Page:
Mitch McConnell’s short memory

MITCH MCCONNELL’S SHORT MEMORY…. One of the first fights after the midterm elections occurred within the Senate Republican caucus, with a dispute over whether to impose a moratorium on earmarks.

Senate Minority Leader Mitch McConnell (R-Ky.) opposed the move, but on Nov. 15, threw in the towel. He explained on the floor, “I’ve talked with my members. I’ve listened to them. Above all, I have listened to my constituents. And what I’ve concluded is that on the issue of congressional earmarks, as the leader of my party in the Senate, I have to lead first by example.”

That was four weeks ago. As of yesterday, the Senate was set to consider an omnibus bill to keep the government running for the rest of the fiscal year. The $1.2 trillion spending measure includes more than 6,000 earmarks totaling $8 billion. Among the senators inserting earmarks: Mitch McConnell.

Formerly a member of the committee that doles out earmarks, McConnell reluctantly embraced a moratorium on the practice last month to send a signal that Republicans are serious about curbing spending.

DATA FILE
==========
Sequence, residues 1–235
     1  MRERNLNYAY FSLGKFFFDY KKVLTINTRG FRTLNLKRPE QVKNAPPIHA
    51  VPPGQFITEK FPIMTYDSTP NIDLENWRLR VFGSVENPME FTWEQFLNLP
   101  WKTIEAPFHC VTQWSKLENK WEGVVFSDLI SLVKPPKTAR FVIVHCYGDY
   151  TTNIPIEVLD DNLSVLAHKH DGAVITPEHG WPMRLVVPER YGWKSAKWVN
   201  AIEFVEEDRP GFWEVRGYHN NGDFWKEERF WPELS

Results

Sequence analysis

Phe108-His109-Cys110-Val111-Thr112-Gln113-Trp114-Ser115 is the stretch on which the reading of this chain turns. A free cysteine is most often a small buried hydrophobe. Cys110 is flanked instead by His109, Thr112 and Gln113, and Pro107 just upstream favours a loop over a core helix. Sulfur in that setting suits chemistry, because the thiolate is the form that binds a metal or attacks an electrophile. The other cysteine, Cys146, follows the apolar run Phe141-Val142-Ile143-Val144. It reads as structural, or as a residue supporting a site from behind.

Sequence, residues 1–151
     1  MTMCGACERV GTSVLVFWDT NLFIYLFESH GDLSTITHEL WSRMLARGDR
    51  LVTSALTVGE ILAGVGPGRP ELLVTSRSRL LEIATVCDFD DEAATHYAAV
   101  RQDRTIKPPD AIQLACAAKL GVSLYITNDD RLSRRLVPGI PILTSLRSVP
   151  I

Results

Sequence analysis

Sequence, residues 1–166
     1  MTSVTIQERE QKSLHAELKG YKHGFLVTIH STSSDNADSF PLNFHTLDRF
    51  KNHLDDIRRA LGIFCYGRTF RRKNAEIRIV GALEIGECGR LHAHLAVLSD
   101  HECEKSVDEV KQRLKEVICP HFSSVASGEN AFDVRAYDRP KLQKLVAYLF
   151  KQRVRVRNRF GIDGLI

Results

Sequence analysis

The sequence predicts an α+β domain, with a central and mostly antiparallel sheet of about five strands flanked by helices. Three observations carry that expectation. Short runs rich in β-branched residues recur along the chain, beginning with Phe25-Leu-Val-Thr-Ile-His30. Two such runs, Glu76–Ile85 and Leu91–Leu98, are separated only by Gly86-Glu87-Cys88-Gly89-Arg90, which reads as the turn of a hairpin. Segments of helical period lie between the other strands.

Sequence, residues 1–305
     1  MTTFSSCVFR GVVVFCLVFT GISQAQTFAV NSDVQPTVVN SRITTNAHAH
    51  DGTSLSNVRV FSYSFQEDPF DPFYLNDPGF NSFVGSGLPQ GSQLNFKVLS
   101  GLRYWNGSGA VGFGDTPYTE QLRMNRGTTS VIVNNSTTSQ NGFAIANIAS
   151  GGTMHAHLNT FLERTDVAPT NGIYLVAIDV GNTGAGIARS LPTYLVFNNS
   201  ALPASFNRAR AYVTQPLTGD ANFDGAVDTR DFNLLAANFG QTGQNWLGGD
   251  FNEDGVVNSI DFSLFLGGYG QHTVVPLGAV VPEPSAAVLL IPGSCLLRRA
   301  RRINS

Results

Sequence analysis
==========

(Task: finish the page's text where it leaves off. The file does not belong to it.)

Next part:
Yet the legislation includes provisions requested this year by McConnell, including $650,000 for a genetic technology center at the University of Kentucky, according to an analysis of the bill by Taxpayers for Common Sense, a nonpartisan watchdog.

Saying he was now “vigorously in opposition” to the legislation, McConnell said Tuesday that rushed consideration of the bill “here on Christmas Eve” compelled him to try to block the bill through a filibuster. “I’m going to vote against things that arguably would benefit my state. I do not think this is the appropriate way to run the Senate,” he said.

But McConnell, like other new earmark opponents, stopped short of asking for his projects to be removed from the bill.

So much for “leading first by example.”

McConnell intends to filibuster a spending bill because of earmarks — including earmarks that he put in the bill. Sen. Lindsey Graham (R-S.C.) said something very similar, demanding that the measure be rejected because of the pet projects, one of which is there at his behest.

Republicans said they don’t see a contradiction in opposing a bill over earmarks while pushing earmarks in the same bill. Then again, Republicans don’t see a lot of things.

The Senate is likely to move on this tomorrow, and it’s not entirely clear how much opposition it will muster. Expect Dems to emphasize a few key points, including the fact that the earmarks represent less than 1% of the total spending bill, and the fact that earmark spending is down 75% since Republicans held the Senate majority — a minor detail the GOP hopes no one remembers.